(Worth 10% of your grade; due on September 23)
When you are learning the basics of HTML, CSS, and file management on the web, it helps if you have a “real” project to work on, not just a simulation that only your professor will see. For your first assignment, you will create (at least) two HTML pages that will serve as the first draft of your personal website/portfolio: a “landing page” and an online version of your résumé. You will use basic CSS to style your pages, and you may choose to include images on your pages. You will also write a brief memo reflecting on your experiences completing this project.
The first component of this assignment asks you to think about the first impression you want to make when people visit your website. Your landing page (a.k.a. “homepage”) should be something that you continually update and maintain over the course of the semester as you learn more about HTML, but right now you only need to include basic information about yourself so you can use the “index.html” file as a springboard for users (such as myself) who want to see your online projects. Think of your landing page as a “Visitor’s Center,” a place where people can begin to understand just who you are. You may want to include a picture of yourself, links to your social media profiles, or other information that you consider relevant to your professional online identity.
The résumé component of this assignment should be where you concentrate the lion’s share of your effort between now and the due date. While the style and format of your online version do not have to mirror the printed version, the content and architecture of this page should follow the “standard” expectations for information that most people have when they view someone’s résumé. The genre of the résumé has become fairly standardized over the past few decades, and when prospective employers view your site, they will expect to see certain information arranged in a logical order that allows them to quickly determine if your credentials and experience match their employment needs.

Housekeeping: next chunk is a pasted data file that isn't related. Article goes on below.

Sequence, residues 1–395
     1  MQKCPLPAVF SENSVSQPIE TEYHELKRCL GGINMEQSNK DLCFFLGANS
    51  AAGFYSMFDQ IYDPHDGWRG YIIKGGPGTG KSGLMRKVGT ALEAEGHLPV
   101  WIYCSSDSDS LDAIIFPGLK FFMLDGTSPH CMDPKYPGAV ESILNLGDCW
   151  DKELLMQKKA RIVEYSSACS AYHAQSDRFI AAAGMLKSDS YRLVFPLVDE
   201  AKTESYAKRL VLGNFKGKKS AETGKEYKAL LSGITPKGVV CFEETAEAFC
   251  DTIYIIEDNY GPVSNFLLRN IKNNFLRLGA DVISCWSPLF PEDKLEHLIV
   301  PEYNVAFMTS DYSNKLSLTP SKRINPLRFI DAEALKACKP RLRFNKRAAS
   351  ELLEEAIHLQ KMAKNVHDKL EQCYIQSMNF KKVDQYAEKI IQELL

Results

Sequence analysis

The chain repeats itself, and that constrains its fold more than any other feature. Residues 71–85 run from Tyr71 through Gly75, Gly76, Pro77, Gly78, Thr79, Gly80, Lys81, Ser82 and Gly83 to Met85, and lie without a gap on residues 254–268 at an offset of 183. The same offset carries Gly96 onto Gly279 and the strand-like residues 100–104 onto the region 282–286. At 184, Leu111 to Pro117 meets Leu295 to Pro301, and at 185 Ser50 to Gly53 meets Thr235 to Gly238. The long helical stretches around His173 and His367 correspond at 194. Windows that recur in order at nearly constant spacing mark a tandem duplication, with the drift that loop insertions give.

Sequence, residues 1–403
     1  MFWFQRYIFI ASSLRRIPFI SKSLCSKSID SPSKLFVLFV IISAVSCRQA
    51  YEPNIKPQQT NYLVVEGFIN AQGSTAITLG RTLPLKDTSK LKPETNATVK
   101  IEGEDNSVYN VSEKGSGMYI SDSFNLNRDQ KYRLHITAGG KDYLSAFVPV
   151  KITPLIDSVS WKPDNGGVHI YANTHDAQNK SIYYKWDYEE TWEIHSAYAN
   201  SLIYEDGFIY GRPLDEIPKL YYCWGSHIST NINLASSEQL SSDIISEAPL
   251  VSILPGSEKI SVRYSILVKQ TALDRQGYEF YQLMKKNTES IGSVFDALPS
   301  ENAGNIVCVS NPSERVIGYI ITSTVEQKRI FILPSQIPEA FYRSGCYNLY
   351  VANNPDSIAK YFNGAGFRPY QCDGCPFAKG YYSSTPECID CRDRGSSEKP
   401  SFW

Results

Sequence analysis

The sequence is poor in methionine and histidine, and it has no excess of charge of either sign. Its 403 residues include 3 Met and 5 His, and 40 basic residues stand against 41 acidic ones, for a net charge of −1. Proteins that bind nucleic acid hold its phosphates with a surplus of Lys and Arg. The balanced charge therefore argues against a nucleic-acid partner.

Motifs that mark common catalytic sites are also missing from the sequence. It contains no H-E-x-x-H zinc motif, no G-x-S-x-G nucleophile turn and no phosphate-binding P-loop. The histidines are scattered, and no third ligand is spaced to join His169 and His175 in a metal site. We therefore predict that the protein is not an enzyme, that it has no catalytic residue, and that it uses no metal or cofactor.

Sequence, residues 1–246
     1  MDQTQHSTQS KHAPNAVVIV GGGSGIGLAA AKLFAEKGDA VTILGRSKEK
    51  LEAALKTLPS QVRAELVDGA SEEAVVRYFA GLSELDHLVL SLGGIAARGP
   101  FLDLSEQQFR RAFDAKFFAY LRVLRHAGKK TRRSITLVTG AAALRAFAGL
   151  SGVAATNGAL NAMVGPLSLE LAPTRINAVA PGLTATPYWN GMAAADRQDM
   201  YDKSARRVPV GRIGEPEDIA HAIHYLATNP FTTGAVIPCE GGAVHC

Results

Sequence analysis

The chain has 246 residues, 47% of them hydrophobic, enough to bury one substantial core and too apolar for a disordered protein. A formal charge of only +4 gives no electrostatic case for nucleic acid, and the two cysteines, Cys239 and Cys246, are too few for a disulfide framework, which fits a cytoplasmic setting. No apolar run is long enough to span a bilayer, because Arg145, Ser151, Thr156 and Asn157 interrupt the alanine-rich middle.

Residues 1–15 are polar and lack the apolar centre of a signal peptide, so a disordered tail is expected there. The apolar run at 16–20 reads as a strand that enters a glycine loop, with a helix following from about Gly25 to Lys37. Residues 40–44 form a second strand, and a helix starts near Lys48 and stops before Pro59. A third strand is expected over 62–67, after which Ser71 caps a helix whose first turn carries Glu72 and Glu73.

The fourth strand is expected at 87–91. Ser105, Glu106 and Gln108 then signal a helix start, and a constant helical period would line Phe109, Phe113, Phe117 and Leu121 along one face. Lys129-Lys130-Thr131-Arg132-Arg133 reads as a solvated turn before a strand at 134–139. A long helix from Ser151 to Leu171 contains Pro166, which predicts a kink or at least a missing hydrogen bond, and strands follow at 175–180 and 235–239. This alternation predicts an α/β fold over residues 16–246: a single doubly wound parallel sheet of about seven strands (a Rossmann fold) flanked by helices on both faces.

Remember: the purpose of a résumé is to get you a job interview. So, when designing your résumé, try to think like a business owner or human resources manager and come up with a list of information you would want to know about someone you’re about to hire. Making such a list falls under the category of “audience analysis,” a skill that all good professional writing students have been practicing in other courses.
Memo of Transmittal
After you have created your two HTML pages and an accompanying CSS file to style those pages, you will write a one-page (300-500 words) memo of transmittal that explains and justifies the choices you made as you worked on this assignment. For example, you may want to discuss your choice of font(s), colors, images, etc. Your memo should explain these choices in terms of the audience, context, and purpose of the assignment rather than relying on personal preferences (e.g., “I chose purple because it’s my favorite color.”). Your memo should also include the URL for your finished website. When your memo is complete, title it “Full Name Unit 1 Memo,” and upload it to your shared Google Drive folder. (Please be sure to convert your memo to Google Docs format so I can comment on it.) Your website should be live on the web and your memo uploaded before you come to class on September 23.
Your grade on this assignment will be determined by your performance on the following criteria:
- Audience: Have you effectively addressed the needs and expectations of both primary and secondary audiences of your site?
- Ethos: Does your site project a professional identity that is appropriate for your intended line of work? Have you included enough information about yourself to show who you are and presented it in such a manner that you set yourself apart from your “competition”?
- Content: Is your résumé structured logically and does it support the information needs of your audience(s)?
- Design: Does your site feature a consistent visual design with respect to colors, typography, spacing, and images? Is the design unique, yet professional?
- Markup: Do your HTML and CSS files adhere to the “best practices” that we have discussed in class? Are your files well organized and carefully commented? Do your files validate?
- Memo of Transmittal: How well does your memo explain and justify the decisions you made in completing this assignment? Is the memo structured logically? Does the memo adhere to the conventions of standard written English?